# An Extremely Efficient Boundary Element Method for Wave Interaction with Long Cylindrical Structures Based on Free-Surface Green’s Function

^{1}

^{2}

^{*}

## Abstract

**:**

## 1. Introduction

^{2}~10

^{4}evaluations of the Green function are needed for each incident wave period, compared to those $\mathcal{O}$(10

^{6}) evaluations in the three-dimensional cases (see [12]). Furthermore, by taking advantage of the contemporary computational technologies, some special technique may be applied to parallelize the algorithm on multi-processor machines.

## 2. Mathematical Theory and Algorithms

#### 2.1. Governing Equation and Boundary Conditions

_{F}, an up-side open boundary S

_{U}, a lee-side open boundary S

_{L}, and a wetted surface boundary S

_{B}on the structure.

_{j}represents displacement of the body motion in each mode (sway, heave, or roll), and φ

_{j}stands for the corresponding radiation potential to each motion mode.

_{j}(j = 1~4) must satisfy the Laplace equation:

_{F}:

_{B}of the structure:

_{U}and S

_{L}:

_{1}= n

_{x}, n

_{2}= n

_{z}, n

_{3}= (z − z

_{c})n

_{x}− (x − x

_{c})n

_{z}, where n

_{x}and n

_{z}are the x and z components of the unit inward normal, respectively, and (x

_{c}, z

_{c}) is the rotation center. The subscripts j = 1, 2, 3 denote the direction of sway, heave, and roll for radiation, respectively, and j = 4 stands for the diffraction.

#### 2.2. Numerical Techniques

**x**

_{0}= (ξ, ζ); r is the distance between field point and source point, and r

_{1}is the distance between field point and the image of source point with respect to the free surface.

_{B}represents the number of total elements along the body surface, and J(η) the Jacobi matrix for local-global coordinate transformation, the determinant value of which is calculated by:

_{ij}(j ≠ i), OpenMP parallelization technique is employed to distribute the computation burden on multiple processors of a single computer. The parallelization works well since calculation of the influence coefficient on one element is independent from that on another element. After that, the Gauss elimination algorithm is used to solve the linear system, which is extremely robust regardless of arbitrary shape of the structure.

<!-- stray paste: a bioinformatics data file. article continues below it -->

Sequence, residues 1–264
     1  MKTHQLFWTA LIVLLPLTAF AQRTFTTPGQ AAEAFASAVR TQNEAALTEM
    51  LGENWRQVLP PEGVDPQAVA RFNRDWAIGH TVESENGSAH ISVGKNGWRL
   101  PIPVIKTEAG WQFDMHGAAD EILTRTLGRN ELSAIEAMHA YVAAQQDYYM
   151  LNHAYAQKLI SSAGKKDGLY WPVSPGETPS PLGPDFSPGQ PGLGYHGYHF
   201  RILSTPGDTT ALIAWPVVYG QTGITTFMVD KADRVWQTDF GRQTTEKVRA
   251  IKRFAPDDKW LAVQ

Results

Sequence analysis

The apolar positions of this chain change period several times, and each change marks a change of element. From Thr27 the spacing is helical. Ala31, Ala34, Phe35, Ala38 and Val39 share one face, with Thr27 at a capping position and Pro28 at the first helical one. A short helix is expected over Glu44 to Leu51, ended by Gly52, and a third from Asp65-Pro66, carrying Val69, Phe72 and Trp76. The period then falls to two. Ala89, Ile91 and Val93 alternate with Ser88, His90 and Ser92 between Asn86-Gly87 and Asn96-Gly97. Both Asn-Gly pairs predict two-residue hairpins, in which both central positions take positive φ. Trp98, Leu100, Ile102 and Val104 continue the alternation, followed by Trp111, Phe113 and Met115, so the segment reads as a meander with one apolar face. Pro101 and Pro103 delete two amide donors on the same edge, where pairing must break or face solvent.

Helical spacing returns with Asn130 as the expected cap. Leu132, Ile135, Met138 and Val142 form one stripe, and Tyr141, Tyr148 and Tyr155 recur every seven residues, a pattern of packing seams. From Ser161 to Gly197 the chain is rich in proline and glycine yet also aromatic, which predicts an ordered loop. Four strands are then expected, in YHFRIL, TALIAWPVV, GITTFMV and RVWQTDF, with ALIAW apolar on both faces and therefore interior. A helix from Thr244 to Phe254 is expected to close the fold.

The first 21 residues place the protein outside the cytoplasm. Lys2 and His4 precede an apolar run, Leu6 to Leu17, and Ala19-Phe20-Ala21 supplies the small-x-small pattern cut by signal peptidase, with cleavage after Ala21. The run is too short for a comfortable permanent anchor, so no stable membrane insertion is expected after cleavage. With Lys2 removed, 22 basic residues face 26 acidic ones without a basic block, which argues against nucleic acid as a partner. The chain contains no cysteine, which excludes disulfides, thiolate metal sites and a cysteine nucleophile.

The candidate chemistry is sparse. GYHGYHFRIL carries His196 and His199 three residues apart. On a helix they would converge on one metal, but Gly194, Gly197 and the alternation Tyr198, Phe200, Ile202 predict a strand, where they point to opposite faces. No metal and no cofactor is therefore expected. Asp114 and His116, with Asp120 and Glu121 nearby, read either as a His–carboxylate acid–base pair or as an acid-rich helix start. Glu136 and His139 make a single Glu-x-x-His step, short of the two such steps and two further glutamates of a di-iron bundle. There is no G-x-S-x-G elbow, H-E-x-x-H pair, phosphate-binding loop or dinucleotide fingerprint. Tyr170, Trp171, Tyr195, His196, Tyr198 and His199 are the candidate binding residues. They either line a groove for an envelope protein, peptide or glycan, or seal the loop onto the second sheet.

#### 2.3. Direct Calculation of Free-Surface Green’s Function

_{1}(x, z) for all relevant values of input parameters (x, z) of possible physical interest [17]. Using the identity:

#### 2.4. Fast Evaluation by the Analytical Method

_{1}(X, Y), F

_{2}(X, Y), and F

_{3}(X, Y). Figure 2, Figure 3 and Figure 4 show a comparison between plots of the three singular functions calculated by the direct integration method and the analytical solution method. In general, the two methods get almost same results which are hard to be distinguished from each other. It is obviously to see that F

_{1}(X, Y) and F

_{3}(X, Y) are even functions in symmetric with respect to the Y axis, while F

_{2}(X, Y) is an odd function which is anti-symmetric about the Y axis. Remarkable variations with a period of π in parallel to the X axis can be observed in all the plots for the region of Y ∈ [0, 3]. It is also important to see that the variation becomes slow-varying with the increase of Y in the region of Y ∈ [3, 9+].

## 3. Numerical Results and Discussion

_{mn}which is troublesome for calculation due to its high singularity in the integrand. In this case, the radius of the cylinder is a, and the submergence (vertical distance from its centroid to the mean free surface) is f/a = 1.5. The meshes used by the two boundary element methods are specified in Table 2. In Figure 8, similar to the case of semi-circle, the present method based on the analytically evaluated free-surface Green function highly agrees with both of the other two methods. In addition, there is no “irregular frequencies” phenomenon, which proves the knowledge that for submerged bodies, the solution is always unique.

## 4. Conclusions

## Acknowledgments

## Author Contributions

## Conflicts of Interest

## Abbreviations

RKG_BEM | Rankine Green function based Boundary Element Method |

FSG_BEM | Free-surface Green function based Boundary Element Method |

DrG_BEM | Boundary Element Method based on direct integration of the free-surface Green function |

AlG_BEM | Boundary Element Method based on analytical solution of the free-surface Green function |

## Appendix A

_{i}are the Gauss nodes and ω

_{i}the corresponding weights, ${x}_{k}^{*}$ and ${\omega}_{k}^{*}$ denote the Kronrod nodes and corresponding weights, respectively.

_{n}represents the approximation of the initial Gaussian rule, and K